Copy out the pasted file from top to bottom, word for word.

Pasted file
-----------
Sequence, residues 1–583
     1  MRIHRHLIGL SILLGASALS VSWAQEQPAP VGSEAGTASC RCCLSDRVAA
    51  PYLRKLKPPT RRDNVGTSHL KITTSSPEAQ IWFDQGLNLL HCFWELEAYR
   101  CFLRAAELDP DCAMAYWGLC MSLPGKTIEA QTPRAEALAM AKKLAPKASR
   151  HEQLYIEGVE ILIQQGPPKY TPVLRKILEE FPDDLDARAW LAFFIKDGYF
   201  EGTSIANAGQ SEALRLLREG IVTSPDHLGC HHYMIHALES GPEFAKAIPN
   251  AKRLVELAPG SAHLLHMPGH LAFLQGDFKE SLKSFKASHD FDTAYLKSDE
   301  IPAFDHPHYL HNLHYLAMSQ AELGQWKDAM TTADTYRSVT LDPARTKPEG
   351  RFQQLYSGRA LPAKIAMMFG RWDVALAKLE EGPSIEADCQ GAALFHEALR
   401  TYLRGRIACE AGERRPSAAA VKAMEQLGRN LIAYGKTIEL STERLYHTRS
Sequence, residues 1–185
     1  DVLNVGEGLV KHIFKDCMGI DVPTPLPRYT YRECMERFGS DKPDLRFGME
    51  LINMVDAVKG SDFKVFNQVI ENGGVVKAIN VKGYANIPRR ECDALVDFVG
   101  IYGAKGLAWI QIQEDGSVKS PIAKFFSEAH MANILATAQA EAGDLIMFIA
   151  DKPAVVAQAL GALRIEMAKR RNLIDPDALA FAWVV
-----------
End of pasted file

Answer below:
Sequence, residues 1–583
     1  MRIHRHLIGL SILLGASALS VSWAQEQPAP VGSEAGTASC RCCLSDRVAA
    51  PYLRKLKPPT RRDNVGTSHL KITTSSPEAQ IWFDQGLNLL HCFWELEAYR
   101  CFLRAAELDP DCAMAYWGLC MSLPGKTIEA QTPRAEALAM AKKLAPKASR
   151  HEQLYIEGVE ILIQQGPPKY TPVLRKILEE FPDDLDARAW LAFFIKDGYF
   201  EGTSIANAGQ SEALRLLREG IVTSPDHLGC HHYMIHALES GPEFAKAIPN
   251  AKRLVELAPG SAHLLHMPGH LAFLQGDFKE SLKSFKASHD FDTAYLKSDE
   301  IPAFDHPHYL HNLHYLAMSQ AELGQWKDAM TTADTYRSVT LDPARTKPEG
   351  RFQQLYSGRA LPAKIAMMFG RWDVALAKLE EGPSIEADCQ GAALFHEALR
   401  TYLRGRIACE AGERRPSAAA VKAMEQLGRN LIAYGKTIEL STERLYHTRS
Sequence, residues 1–185
     1  DVLNVGEGLV KHIFKDCMGI DVPTPLPRYT YRECMERFGS DKPDLRFGME
    51  LINMVDAVKG SDFKVFNQVI ENGGVVKAIN VKGYANIPRR ECDALVDFVG
   101  IYGAKGLAWI QIQEDGSVKS PIAKFFSEAH MANILATAQA EAGDLIMFIA
   151  DKPAVVAQAL GALRIEMAKR RNLIDPDALA FAWVV